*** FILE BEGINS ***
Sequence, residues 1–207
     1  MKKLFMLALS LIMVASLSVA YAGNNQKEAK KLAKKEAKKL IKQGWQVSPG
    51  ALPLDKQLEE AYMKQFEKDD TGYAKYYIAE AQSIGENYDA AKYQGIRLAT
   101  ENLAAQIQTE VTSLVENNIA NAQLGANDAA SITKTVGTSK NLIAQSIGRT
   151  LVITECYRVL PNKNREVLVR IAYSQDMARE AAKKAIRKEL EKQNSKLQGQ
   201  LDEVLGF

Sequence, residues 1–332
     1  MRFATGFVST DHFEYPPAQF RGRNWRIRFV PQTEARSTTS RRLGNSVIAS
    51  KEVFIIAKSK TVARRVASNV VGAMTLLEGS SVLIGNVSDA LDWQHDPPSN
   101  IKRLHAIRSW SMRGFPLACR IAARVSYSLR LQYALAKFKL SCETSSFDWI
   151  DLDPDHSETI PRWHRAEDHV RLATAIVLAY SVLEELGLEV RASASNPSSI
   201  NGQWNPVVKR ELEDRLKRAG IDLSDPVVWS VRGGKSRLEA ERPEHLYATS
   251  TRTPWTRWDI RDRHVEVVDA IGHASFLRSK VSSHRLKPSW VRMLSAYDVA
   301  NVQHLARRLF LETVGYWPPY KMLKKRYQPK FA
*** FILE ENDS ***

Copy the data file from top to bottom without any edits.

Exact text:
Sequence, residues 1–207
     1  MKKLFMLALS LIMVASLSVA YAGNNQKEAK KLAKKEAKKL IKQGWQVSPG
    51  ALPLDKQLEE AYMKQFEKDD TGYAKYYIAE AQSIGENYDA AKYQGIRLAT
   101  ENLAAQIQTE VTSLVENNIA NAQLGANDAA SITKTVGTSK NLIAQSIGRT
   151  LVITECYRVL PNKNREVLVR IAYSQDMARE AAKKAIRKEL EKQNSKLQGQ
   201  LDEVLGF

Sequence, residues 1–332
     1  MRFATGFVST DHFEYPPAQF RGRNWRIRFV PQTEARSTTS RRLGNSVIAS
    51  KEVFIIAKSK TVARRVASNV VGAMTLLEGS SVLIGNVSDA LDWQHDPPSN
   101  IKRLHAIRSW SMRGFPLACR IAARVSYSLR LQYALAKFKL SCETSSFDWI
   151  DLDPDHSETI PRWHRAEDHV RLATAIVLAY SVLEELGLEV RASASNPSSI
   201  NGQWNPVVKR ELEDRLKRAG IDLSDPVVWS VRGGKSRLEA ERPEHLYATS
   251  TRTPWTRWDI RDRHVEVVDA IGHASFLRSK VSSHRLKPSW VRMLSAYDVA
   301  NVQHLARRLF LETVGYWPPY KMLKKRYQPK FA